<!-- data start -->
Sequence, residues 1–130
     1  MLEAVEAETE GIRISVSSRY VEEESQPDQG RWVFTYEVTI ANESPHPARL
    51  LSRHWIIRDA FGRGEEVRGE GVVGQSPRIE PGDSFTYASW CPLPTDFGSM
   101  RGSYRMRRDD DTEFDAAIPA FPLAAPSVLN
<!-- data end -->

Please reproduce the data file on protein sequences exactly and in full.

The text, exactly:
Sequence, residues 1–130
     1  MLEAVEAETE GIRISVSSRY VEEESQPDQG RWVFTYEVTI ANESPHPARL
    51  LSRHWIIRDA FGRGEEVRGE GVVGQSPRIE PGDSFTYASW CPLPTDFGSM
   101  RGSYRMRRDD DTEFDAAIPA FPLAAPSVLN